The scientists stuck a GPS transmitter on top of the sawn-off horn stump, which provided a continuous stream of data for months and did not disturb the animals.
“The side effects of horn cutting include a reduction in black rhino habitats and social interactions between each other,” study author and doctoral student Vanessa Duthe told The Telegraph.
“On average, black rhinos reduced their habitat size by 45 percent and had 37 percent fewer social interactions between each other.
“However, dehorning did not adversely affect survival and natural mortality did not increase as the percentage of rhinos dehorned increased.”
She added that not only did dehorned rhinos have smaller territories after losing their horns, but they also overlapped less with other individuals.
Male-male interactions dropped the most, she said, implying that dehorning could affect social structure, alter dominance patterns and have a direct impact on population and movement management.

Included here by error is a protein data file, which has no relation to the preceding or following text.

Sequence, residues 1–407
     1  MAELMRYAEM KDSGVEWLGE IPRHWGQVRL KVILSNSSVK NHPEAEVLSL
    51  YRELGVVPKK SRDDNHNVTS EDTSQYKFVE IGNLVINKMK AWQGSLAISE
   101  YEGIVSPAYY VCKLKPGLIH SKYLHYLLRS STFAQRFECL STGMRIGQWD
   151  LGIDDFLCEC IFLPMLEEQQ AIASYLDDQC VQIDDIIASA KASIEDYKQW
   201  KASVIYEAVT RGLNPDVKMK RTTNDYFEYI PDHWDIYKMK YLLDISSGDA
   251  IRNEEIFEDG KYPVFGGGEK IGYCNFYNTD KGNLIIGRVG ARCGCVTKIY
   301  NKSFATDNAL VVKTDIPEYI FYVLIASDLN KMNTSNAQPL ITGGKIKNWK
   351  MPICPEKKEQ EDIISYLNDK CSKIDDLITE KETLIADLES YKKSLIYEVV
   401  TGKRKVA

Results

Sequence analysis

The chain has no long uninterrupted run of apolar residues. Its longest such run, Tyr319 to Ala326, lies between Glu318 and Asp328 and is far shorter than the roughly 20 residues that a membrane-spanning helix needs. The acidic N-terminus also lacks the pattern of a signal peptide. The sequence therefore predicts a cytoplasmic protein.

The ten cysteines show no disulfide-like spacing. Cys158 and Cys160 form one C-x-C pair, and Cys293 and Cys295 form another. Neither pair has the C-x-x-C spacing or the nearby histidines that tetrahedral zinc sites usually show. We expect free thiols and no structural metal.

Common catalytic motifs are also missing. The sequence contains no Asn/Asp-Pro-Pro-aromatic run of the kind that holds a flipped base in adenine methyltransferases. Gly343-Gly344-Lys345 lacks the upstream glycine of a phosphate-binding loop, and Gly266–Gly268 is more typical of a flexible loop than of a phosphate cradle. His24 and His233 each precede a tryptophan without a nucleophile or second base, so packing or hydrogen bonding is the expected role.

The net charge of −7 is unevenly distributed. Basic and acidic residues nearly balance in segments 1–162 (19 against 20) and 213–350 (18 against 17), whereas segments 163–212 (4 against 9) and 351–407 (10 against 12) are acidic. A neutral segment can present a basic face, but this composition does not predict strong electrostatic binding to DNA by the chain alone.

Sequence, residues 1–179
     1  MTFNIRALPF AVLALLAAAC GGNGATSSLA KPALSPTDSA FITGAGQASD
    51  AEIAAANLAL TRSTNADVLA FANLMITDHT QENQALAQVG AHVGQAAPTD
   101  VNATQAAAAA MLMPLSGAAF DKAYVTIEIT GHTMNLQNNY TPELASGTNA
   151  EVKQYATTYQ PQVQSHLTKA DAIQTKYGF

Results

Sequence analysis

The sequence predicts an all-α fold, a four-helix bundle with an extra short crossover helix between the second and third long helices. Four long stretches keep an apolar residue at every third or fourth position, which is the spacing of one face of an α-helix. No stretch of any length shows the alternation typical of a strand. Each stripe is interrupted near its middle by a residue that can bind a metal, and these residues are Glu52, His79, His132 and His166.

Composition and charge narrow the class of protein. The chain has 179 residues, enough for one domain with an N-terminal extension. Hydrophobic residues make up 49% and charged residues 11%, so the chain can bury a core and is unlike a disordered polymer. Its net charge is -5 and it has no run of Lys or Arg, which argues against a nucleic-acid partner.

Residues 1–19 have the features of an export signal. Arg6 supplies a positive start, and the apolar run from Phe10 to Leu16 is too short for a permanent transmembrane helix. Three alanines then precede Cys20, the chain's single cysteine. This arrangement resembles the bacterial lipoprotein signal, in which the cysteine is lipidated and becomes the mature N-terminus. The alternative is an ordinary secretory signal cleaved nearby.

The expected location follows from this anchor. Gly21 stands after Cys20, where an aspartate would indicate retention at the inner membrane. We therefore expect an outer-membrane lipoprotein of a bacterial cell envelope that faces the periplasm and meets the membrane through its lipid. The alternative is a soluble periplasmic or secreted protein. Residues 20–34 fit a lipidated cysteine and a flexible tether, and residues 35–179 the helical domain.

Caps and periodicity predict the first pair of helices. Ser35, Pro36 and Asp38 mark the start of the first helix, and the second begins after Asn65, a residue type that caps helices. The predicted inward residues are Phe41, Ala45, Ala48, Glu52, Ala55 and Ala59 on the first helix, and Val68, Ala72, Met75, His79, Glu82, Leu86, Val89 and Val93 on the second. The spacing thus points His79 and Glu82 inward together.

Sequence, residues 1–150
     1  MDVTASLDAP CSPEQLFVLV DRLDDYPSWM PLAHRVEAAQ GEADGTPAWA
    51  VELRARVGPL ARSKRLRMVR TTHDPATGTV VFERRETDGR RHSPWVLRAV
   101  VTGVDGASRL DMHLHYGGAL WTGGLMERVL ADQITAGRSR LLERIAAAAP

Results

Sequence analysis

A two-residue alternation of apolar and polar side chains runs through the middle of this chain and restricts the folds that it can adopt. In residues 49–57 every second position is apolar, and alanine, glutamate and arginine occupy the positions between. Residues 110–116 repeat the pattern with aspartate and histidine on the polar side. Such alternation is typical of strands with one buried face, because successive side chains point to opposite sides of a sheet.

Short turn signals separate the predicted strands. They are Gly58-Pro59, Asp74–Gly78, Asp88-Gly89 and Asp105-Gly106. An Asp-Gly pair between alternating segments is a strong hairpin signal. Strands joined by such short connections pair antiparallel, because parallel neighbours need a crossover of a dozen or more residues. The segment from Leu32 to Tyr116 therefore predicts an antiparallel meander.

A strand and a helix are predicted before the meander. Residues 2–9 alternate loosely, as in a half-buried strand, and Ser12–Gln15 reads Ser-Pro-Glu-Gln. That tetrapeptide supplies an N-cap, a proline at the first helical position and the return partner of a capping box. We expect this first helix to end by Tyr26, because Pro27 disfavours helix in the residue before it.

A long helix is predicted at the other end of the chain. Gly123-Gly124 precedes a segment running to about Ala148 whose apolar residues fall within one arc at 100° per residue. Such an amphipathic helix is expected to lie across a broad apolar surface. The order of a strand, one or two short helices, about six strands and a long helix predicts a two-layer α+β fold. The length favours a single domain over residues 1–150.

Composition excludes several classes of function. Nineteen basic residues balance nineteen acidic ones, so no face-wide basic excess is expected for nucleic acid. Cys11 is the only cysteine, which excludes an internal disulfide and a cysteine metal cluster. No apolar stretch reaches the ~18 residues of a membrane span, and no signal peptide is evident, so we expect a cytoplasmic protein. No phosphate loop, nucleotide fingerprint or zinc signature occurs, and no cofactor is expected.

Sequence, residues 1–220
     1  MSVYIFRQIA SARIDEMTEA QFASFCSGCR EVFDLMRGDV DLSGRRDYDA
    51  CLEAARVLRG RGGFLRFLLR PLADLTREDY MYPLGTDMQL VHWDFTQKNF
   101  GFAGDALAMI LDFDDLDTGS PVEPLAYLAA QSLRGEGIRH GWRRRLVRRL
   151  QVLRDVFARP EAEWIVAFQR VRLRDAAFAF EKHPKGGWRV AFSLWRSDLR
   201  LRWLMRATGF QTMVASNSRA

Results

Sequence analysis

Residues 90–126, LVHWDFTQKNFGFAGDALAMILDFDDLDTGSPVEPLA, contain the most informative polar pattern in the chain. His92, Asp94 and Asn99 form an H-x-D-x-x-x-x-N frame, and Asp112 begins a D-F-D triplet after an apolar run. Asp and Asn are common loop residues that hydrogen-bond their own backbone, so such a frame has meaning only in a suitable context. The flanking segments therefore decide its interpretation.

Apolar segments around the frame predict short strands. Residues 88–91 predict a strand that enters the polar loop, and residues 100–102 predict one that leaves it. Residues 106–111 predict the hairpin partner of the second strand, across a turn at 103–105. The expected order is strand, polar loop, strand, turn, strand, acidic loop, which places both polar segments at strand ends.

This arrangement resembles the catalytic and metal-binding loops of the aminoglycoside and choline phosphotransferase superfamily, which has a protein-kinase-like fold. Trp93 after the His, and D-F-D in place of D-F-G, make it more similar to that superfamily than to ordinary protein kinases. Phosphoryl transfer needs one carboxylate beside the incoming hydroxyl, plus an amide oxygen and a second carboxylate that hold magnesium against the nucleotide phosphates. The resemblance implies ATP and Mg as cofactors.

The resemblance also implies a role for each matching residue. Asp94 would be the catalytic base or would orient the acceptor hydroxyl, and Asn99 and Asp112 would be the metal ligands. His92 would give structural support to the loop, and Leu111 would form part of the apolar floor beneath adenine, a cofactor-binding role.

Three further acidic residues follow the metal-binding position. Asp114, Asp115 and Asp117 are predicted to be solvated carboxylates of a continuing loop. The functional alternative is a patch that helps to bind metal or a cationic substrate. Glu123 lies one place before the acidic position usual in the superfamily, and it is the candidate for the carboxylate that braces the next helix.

“We think rhinos are more avoiding each other and therefore less likely to fight (especially male-male interactions) because they feel vulnerable without their main armament. But this remains to be seen’, Mrs Duthe explained.
“It is important to say that the dehorning is a temporary solution being applied in conjunction with other efforts in an urgent effort to protect the remaining rhinos.
“It is a tool that is readily available to conservationists and may be needed in some cases, but it is vital to continuously monitor the effects of this tool and apply adaptive management.”